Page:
Food Engineering

Compressed air system helps save 'dough' in energy usage

October 1, 2009
Pepperidge Farm baked goods are a common sight in pantries and on grocery shelves.


Control panel for Atlas Copco compressors lets Pepperidge Farm monitor and adjust the compressed air system as needed to save energy.




Noel Skwiot, a project manager at the Pepperidge Farm bakery in Bloomfield, CT, sums up the plant’s activity in a simple statement: “We just bake a lot of bread.”  The 265,000-sq.-ft. state-of-the-art facility produces nearly one million loaves of bread a week.

Skwiot works to ensure the baking operations run smoothly and efficiently. With a colossal assortment of products in production, Skwiot’s responsibilities cover a wide range including oversight of the facility’s compressed air system.

“Our compressed air is a utility, just like electricity, water or natural gas,” says Skwiot. “Primarily, we use compressed air for fluid power applications. We have a system of flour conveyors that move flour from exterior silos to various mixers throughout the facility. Giant diverter valves, the size of a five-gallon pail, are powered by compressed air pilot valves and open to allow flour to flow to the appropriate mixer. We also have a lot of cylinders that use compressed air to move mechanical linkages for the different bakery machinery, such as conveyors and packaging equipment.”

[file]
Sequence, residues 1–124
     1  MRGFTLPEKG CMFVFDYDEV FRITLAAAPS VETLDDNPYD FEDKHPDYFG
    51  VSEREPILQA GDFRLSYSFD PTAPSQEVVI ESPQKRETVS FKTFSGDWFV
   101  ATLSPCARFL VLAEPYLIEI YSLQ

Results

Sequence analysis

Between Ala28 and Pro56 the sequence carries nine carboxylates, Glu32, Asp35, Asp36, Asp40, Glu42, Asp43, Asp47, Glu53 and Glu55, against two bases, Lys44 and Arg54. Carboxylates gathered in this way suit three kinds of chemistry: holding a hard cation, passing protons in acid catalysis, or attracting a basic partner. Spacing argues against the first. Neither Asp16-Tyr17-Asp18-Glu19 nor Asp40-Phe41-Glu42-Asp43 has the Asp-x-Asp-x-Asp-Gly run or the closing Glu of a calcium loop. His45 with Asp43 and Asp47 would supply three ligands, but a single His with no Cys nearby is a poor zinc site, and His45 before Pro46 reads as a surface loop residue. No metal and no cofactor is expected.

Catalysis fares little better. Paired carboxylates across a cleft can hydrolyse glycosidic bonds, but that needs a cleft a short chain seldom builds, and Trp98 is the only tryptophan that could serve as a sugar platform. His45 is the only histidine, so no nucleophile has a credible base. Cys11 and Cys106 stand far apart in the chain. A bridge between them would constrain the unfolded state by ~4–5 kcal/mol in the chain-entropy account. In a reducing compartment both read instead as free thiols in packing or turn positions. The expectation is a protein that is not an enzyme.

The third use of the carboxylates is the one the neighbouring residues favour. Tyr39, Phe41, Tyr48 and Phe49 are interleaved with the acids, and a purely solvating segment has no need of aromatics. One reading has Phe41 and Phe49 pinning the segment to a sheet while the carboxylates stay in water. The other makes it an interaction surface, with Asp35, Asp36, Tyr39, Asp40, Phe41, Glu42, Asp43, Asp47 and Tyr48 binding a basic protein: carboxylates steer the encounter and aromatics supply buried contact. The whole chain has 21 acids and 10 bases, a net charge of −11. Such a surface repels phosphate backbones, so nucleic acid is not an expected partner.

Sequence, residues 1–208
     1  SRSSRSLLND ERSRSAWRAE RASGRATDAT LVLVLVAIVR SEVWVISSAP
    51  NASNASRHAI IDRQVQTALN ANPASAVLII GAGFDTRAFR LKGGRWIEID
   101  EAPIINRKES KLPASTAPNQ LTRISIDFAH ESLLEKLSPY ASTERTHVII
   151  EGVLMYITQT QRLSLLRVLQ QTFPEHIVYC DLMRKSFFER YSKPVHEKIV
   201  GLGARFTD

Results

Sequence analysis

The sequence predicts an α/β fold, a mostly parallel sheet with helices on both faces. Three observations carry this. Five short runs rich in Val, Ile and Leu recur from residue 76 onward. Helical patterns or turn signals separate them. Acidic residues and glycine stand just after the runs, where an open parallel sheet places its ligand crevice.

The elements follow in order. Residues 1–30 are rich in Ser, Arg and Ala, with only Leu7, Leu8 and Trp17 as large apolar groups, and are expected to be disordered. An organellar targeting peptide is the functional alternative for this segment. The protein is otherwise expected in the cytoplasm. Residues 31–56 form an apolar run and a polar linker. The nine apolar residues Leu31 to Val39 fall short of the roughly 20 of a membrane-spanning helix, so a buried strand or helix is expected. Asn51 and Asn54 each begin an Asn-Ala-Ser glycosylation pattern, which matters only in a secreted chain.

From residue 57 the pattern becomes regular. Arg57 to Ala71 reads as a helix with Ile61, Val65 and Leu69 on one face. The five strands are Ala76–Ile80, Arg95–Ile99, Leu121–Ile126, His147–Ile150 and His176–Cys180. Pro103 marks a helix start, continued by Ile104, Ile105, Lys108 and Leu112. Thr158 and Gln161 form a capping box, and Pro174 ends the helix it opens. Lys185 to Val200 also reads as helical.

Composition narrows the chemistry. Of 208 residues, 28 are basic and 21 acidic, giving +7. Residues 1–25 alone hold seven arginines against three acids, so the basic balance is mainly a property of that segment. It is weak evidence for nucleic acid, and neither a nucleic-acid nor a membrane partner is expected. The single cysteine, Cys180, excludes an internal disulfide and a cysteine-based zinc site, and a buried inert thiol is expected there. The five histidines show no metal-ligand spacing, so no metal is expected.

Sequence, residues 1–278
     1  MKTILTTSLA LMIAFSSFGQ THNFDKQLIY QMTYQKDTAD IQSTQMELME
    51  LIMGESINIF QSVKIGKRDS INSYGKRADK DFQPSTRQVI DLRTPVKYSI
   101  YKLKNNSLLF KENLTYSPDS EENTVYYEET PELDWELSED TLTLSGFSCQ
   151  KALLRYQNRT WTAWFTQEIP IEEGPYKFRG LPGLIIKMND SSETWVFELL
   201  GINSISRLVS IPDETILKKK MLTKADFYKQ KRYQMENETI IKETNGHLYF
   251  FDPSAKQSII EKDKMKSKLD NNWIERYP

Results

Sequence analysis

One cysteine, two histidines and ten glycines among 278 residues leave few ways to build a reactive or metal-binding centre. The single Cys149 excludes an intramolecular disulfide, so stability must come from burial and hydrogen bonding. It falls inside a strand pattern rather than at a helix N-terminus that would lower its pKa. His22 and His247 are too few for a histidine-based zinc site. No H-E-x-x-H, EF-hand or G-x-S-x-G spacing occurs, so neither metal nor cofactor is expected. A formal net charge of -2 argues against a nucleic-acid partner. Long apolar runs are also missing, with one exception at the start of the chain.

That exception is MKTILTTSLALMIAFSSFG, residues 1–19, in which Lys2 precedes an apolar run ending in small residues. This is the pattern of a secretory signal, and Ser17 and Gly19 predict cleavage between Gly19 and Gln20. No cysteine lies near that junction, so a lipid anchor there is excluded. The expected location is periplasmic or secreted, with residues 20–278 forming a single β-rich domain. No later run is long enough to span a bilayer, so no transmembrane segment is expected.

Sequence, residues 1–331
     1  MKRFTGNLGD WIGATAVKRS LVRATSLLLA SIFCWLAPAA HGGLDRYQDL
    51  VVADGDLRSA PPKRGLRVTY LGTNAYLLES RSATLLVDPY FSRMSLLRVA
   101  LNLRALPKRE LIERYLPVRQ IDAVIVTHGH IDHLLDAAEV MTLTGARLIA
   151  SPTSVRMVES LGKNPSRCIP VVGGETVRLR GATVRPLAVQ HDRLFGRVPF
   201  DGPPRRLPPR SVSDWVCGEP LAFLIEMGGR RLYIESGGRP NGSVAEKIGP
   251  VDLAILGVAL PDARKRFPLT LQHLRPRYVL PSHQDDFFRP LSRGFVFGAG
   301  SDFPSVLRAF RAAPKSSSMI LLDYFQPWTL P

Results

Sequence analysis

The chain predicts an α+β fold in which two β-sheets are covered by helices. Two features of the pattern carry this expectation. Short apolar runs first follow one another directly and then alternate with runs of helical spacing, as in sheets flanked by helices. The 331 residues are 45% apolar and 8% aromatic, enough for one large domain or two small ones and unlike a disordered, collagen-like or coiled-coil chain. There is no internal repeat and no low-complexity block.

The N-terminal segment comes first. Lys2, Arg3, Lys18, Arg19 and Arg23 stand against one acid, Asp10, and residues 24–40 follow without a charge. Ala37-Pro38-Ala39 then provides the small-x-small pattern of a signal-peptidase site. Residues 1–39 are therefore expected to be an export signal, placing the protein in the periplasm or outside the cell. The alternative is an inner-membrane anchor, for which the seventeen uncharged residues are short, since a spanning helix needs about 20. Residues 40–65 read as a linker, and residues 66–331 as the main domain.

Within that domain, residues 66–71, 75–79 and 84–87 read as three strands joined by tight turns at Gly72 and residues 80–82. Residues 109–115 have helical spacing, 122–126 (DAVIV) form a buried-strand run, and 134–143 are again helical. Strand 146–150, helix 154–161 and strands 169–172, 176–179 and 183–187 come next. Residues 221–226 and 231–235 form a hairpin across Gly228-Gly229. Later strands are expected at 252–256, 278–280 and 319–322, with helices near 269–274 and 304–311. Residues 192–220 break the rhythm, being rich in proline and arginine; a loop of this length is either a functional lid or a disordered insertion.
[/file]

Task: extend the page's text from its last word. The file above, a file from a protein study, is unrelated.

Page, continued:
Contamination by even the smallest quantities of oil in such purity-critical compressed air applications can result in damaged products or product batches, higher rejection rates and costly downtime and clean up. Therefore, Pepperidge Farm standardized on Atlas Copco’s Class Zero oil-free compressors in all its plants nationwide. The compressors provide clean, 100% oil-free air that eliminates any risk of contamination.

A large facility like the Bloomfield plant has significant energy needs, so efficiency is a constant pursuit. Skwiot works with Atlas Copco engineers to capitalize on a Connecticut Light and Power (CL&P) incentive program focused on reducing energy costs for compressed air systems. 

The supplier conducted an energy audit at the Bloomfield facility and evaluated the compressed air system. As part of the audit, energy usage was measured and evaluated to identify inefficiencies, such as air leaks, throughout the plant. This information was compiled in a comprehensive report that included recommendations for equipment or operational changes. To compound the energy savings available at the plant, recommendations for improvements were linked with a potential for additional savings through financial incentives from CL&P, providing further motivation for Pepperidge Farm to make upgrades.

At the Bloomfield facility, there are two Atlas Copco ZR110 (150hp) oil-free water-cooled air compressors, each with its own FD refrigerated drier, and one ZR45 (60hp) oil-free water-cooled air compressor with an FD refrigerated drier. 

“We generally run both the 150s and add the 60 when demand increases,” Skwiot says. “As part of the constant system analysis Atlas Copco provides, we will continue to evaluate options, like a variable speed drive compressor, that could increase our energy savings, giving us a quick return on investment, saving money and reducing our plant’s energy draw.”

For more information:
Paul Humphreys, 803-817-7479, paul.humphreys@us.atlascopco.com